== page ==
the efflux of the Divine has tenanted this -the power of silent converse with the inartic thickly peopled universe." ulate wisdom of the dead. Can we not thus
“Yes, Anna, there are such realms, but they amplify our existence, till it reaches infinitely are realms of darkness, thick, palpable, impenbeyond the narrow boundaries of our own indi etrable, inscrutable, save to that Eye which vidual wants and woes-embracing in our watches while creation sleeps. Why do you, conscious life, all lives, all beings, all spaces, good cousin, give imagination wing, and talk and all times ?”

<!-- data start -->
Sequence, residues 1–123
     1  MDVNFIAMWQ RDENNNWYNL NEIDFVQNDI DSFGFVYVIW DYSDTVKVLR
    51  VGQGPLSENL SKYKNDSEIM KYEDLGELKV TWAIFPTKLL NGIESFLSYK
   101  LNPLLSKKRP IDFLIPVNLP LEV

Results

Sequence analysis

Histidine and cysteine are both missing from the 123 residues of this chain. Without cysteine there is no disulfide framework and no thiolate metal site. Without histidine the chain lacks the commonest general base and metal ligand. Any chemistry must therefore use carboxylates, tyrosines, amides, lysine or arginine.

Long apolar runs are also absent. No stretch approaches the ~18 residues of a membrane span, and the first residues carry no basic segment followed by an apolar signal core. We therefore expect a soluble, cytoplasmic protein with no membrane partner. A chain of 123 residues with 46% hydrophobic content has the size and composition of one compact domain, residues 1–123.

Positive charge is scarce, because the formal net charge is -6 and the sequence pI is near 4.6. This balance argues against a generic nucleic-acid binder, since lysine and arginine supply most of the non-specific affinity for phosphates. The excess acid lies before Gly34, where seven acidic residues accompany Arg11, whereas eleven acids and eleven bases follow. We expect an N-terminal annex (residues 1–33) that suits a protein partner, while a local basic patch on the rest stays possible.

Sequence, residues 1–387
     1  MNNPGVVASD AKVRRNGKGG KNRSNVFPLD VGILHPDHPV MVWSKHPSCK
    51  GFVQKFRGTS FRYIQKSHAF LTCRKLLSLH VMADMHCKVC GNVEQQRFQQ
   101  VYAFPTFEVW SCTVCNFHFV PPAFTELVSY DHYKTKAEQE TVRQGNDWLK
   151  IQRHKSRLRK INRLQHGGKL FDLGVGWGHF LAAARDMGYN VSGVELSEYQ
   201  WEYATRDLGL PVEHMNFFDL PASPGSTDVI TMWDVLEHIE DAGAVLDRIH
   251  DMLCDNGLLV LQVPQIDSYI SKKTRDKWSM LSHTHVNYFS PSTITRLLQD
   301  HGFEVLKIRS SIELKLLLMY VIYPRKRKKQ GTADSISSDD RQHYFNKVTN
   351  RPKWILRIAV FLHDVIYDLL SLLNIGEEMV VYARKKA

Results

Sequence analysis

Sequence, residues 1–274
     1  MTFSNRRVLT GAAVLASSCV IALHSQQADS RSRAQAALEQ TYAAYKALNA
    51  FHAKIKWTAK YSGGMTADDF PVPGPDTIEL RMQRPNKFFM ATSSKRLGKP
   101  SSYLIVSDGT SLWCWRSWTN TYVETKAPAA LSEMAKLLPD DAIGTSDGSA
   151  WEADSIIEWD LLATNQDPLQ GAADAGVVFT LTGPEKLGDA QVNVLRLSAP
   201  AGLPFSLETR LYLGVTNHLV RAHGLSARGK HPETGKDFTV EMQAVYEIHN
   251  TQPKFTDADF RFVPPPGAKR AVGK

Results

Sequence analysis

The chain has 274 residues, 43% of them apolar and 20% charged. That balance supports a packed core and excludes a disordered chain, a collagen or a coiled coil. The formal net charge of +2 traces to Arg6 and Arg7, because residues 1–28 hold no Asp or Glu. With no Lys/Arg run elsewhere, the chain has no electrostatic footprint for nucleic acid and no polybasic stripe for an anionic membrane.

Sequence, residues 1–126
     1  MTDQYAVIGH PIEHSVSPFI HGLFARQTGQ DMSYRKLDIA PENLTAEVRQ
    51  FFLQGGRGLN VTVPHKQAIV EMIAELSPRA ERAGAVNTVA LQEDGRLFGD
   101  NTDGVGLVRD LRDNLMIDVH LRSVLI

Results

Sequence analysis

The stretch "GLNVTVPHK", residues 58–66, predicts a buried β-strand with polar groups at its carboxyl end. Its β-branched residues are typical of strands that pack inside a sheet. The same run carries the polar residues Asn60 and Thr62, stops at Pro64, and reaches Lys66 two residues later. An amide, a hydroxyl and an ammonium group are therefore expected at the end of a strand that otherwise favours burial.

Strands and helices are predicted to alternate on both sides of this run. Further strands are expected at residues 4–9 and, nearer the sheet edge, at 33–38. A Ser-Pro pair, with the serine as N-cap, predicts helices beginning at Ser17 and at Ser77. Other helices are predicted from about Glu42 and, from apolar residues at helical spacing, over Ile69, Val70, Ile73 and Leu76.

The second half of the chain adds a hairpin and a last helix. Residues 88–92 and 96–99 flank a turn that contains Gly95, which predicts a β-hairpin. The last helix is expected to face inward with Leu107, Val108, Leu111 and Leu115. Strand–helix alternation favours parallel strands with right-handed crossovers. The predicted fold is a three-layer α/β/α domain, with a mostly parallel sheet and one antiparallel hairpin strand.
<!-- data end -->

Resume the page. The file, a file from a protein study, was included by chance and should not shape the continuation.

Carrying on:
so finely to a poor broken heart like mine? “Dear Coz,” said Hubert, with more of his Remember fancy has turned to fact with me: natural playfulness than he had yet manifested, nothing pleases, nothing solaces or delights me. "you are both poet and philosopher. If my The universe is a blank, and existence but a cold hard nature could soften, and be warmed sense of misery. You who are so calm and by anything, surely your enthusiasm would be happy in the midst of home, and friends, and the sweet contagion which could breathe its books, cannot know how meagre the consolaown life and joy into my soul again. But that tions are, which you offer to such a sad and young hearty life which opens the soul to such | burdened heart as mine."